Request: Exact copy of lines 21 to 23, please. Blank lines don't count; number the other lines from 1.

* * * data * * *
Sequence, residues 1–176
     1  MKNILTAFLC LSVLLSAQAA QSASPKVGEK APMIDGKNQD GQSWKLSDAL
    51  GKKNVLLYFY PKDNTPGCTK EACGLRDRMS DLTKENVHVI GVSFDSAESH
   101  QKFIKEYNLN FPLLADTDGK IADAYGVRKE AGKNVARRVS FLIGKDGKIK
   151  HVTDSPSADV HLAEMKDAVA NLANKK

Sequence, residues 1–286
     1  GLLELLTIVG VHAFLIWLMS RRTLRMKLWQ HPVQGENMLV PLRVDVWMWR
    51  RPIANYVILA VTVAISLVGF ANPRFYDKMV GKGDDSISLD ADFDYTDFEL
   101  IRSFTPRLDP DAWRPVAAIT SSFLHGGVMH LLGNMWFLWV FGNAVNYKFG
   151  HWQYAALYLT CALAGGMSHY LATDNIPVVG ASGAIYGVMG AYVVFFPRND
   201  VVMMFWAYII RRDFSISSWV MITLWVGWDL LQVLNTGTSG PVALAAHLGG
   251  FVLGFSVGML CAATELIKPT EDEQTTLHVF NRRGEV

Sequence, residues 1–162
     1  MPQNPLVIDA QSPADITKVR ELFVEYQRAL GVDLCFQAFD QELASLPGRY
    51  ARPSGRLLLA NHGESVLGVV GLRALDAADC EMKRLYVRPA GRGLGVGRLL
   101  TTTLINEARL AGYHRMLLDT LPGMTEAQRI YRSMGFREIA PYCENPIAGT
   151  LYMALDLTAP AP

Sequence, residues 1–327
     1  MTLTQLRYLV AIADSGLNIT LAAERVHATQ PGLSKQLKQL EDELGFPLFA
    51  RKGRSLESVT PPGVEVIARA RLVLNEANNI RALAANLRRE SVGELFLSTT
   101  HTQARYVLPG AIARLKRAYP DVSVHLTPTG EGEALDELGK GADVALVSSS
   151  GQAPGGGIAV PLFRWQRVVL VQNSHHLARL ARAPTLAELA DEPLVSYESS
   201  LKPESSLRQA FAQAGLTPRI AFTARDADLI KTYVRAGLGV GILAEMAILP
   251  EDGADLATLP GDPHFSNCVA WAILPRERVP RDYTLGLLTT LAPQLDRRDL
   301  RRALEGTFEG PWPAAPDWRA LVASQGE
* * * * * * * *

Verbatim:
   101  HTQARYVLPG AIARLKRAYP DVSVHLTPTG EGEALDELGK GADVALVSSS
   151  GQAPGGGIAV PLFRWQRVVL VQNSHHLARL ARAPTLAELA DEPLVSYESS
   201  LKPESSLRQA FAQAGLTPRI AFTARDADLI KTYVRAGLGV GILAEMAILP